Net Neutrality and What I learned at Mozilla Festival

Net Neutrality and What I learned at Mozilla Festival

This video does a decent job of explaining Net Neutrality.

It’s been just over a month since I returned from London and MozFest, the world’s leading festival for the open Internet movement. Just before I left, I wrote a #CarlGoneLearnVR blog post about my learning goals for the trip. I’ll get to those in a minute but first, let me address the idea of the “open Internet”.

Open Internet = Net Neutrality

In the wake of the Federal Communications Commission’s plans to end Net Neutrality, it’s important to understand that the idea of an open Internet and net neutrality are one in the same.

In the U.S., we have grown accustomed to net neutrality. Broadband providers are unable to block, throttle or give preferences to lawful content and applications on the web. This level playing field allows for greater innovation and competition. How different would the world be if one of the early Internet service providers were able to cut deals with content makers and give speed preferences to those willing to pay the most? Would the creation of a Netflix been possible? Would a college age Mark Zuckerberg been able to pay for the bandwidth needed to validate a new product like Facebook?

This video does a decent job of explaining Net Neutrality.

Imagine if the only Internet you knew was the confines of an application like Facebook (they actually tried to do this in India) or having to pay a broadband provider to access YouTube or Netflix? These are just a couple of possible outcomes.

As an educator working to closing the digital divide, the prospect of a closed Internet is particularly distressing. My org, E4 Youth, recently received a grant from the Mozilla Foundation to develop Virtual Storytelling Curriculum. The project will help high school teachers incorporate 360 Video and Virtual Reality into the classroom by encouraging collective storytelling about historical locations.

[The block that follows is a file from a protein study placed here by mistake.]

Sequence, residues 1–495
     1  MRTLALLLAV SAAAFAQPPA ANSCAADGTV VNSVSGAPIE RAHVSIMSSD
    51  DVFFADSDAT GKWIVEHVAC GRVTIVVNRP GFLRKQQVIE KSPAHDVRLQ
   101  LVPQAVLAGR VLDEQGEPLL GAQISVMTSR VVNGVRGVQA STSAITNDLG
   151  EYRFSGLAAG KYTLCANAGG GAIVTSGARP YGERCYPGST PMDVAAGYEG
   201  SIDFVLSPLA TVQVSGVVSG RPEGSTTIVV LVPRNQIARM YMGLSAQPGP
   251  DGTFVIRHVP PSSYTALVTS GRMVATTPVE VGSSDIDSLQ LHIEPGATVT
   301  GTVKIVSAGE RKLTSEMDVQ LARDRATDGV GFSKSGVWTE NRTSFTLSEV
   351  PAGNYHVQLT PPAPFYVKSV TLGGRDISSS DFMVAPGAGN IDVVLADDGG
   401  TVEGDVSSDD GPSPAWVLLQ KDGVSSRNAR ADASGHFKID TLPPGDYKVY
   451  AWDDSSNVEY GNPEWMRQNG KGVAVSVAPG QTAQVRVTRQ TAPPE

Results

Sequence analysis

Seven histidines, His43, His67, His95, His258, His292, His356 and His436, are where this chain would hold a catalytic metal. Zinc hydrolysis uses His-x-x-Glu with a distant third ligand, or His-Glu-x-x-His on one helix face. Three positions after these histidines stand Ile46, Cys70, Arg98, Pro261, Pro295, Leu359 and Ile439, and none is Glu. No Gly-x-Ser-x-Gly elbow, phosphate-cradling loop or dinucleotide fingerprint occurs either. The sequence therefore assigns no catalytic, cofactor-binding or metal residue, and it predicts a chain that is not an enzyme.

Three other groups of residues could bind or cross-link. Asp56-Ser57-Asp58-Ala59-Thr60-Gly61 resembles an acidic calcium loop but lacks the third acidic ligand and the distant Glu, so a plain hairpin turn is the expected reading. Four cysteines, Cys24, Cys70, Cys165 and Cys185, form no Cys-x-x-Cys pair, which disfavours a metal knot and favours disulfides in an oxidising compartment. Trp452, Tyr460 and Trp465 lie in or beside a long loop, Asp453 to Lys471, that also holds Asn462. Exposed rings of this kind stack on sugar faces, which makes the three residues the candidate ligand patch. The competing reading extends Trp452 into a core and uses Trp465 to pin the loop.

Almost all of the applications we’ll help teachers and students learn to use are housed in the cloud. The power of this approach is that it allows users to create robust applications using low cost gear like Chromebooks and tablets. How will the potential throttling of high bandwidth content like they’ll be creating inhibit student learning and innovation?

We may not be able to discern much impact in the short term but things change rapidly in the Internet age. Remember, the iPhone only came into existence 10 years ago. In fact, Apple, Google, Facebook and Amazon, the primary drivers of growth in the world economy, only achieved their dominance in the last decade or so. During that same time period, once dominant companies like AOL and Yahoo have shrunk into anonymity.

So, what did I learn at Mozfest?

I learned that there is a diverse and passionate community of creators, technologists, educators, youth and activists that value an open Internet and the opportunities for innovation that come with it.

This video does a decent job of explaining Net Neutrality.

I learned about how small interactions can have a big impact. Most of the sessions were fairly small (5 — 20 people). This made it easier to have deeper more nuanced conversations. There was no sense of hierarchy or exclusivity. We were all learners, even the so called experts. Seeing kids teach their peers and adults about technology was particularly powerful for me.

I also learned that almost all of the tools we’ll need to help teachers implement Virtual Storytelling Curriculum are available for free or at a minimal cost. Browser makers like Mozilla Firefox, Gooogle Chrome and Microsoft Edge have gotten together to establish Web VR standards making both the consumption and creation of VR far more accessible.

The Samsung Gear 360 camera is now under $200 and allows you to use your phone as the controller/monitor (mostly on Samsung S7 and S8s). It shoots 360 video in 4K (only for 15 minutes, then it overheats), broadcasts live and publishes seamlessly to social media. There are issues to be sorted but the speed of innovation + competition is brisk.

This video does a decent job of explaining Net Neutrality.

These are truly exciting times and yet, I feel a sense of both dread and urgency knowing that the progress being made may be fleeting. The FCCs efforts to end net neutrality could have negative ramifications for generations to come. In the mean time, I’m gonna keep fighting.

You may also like